John Hatton  Well, it’s just another step in the right direction and NARFE and our allies’ efforts to get some relief from these two provisions. And it was a field hearing in Ohio. So, this is now the first Senate hearing of the Congress, there’s two House hearings on the topic. There has been a flurry of increased co-sponsors, or WEP and GPO in both the House and the Senate. So, I think it’s 57 and counting in the Senate, we’ll see where it is, even by the end of this week. In terms of the numbers, I think there’s a few people that are just being registered on those co-sponsor counts on the Senate side, were 322 in the house. So, we keep on putting the pressure on the hearings by the committee’s even Chairman Wyden of Senate Finance expressed support for the bill. So, all those things are good things, we still face the large obstacle of the cost of this when we’re facing Social Security solve insolvency issues in the 2030s. And so, I think it was important to see that Wyden said he supports this, but also he indicated that it needs to be done in a responsible way for Social Security. And that continues to be the challenge of getting a solution here.  Right. So, solution would not be total elimination of the Windfall Elimination or the Pension Offset, because that would just give people benefits they did not pay for and they’re not entitled to, there’s got to be some middle ground. We support full repeal. I mean, I think the argument for those is that you’ve paid in separately into your, in this case CSRS system and paid and separate digital security, and you’ve earned the benefits that you would have gotten now WEP, for example, tries to give you a different replacement rate of income, it’s kind of a crude way of accounting for the fact that Social Security formulas was supposed to payout for like progressive amount of money. So, your replacement rate is higher if you had lower income and lower if you have higher income. When it’s really a quirk of the Social Security formula that you have the zeros in these years, you worked in CSRS, so it looks like you had lower income than you did have. So, there’s reasons behind the rationale, we still support that full repeal. But I think barring a change in the underlying social security formula, that repeal becomes a little more challenging. And there’s also just the cost offset amount of it. So, I think what is more realistic, is for Congress, in the near term for Congress to take a look at some type of modest relief, some change in that formula going forward if they don’t change the Social Security formula. And I think the repeal could happen if they’re doing an overall overhaul of Social Security and including changing how it’s calculated to begin with.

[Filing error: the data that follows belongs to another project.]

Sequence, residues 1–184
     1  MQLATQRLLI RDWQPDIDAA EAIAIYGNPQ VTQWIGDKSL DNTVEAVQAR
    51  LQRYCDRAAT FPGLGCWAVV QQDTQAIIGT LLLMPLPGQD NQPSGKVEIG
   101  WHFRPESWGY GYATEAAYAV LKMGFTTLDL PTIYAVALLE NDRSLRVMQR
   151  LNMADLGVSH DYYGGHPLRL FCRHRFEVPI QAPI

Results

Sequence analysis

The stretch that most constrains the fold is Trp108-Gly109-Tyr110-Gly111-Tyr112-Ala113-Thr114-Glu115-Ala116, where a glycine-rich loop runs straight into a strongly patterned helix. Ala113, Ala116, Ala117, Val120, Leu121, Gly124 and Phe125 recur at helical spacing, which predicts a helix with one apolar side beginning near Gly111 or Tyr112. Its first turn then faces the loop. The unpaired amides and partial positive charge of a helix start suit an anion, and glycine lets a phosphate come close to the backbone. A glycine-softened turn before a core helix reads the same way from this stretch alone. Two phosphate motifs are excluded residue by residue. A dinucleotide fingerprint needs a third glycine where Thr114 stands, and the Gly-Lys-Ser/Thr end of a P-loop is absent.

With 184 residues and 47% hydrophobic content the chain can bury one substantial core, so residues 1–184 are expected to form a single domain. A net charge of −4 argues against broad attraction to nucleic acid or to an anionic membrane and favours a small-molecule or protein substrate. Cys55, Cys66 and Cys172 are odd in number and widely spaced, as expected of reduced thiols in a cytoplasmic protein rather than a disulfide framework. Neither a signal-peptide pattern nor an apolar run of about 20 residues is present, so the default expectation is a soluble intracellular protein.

Tom Temin  Well, that’s a big if, if they do a Social Security, because that’s kind of the principle fiscal issue facing the nation.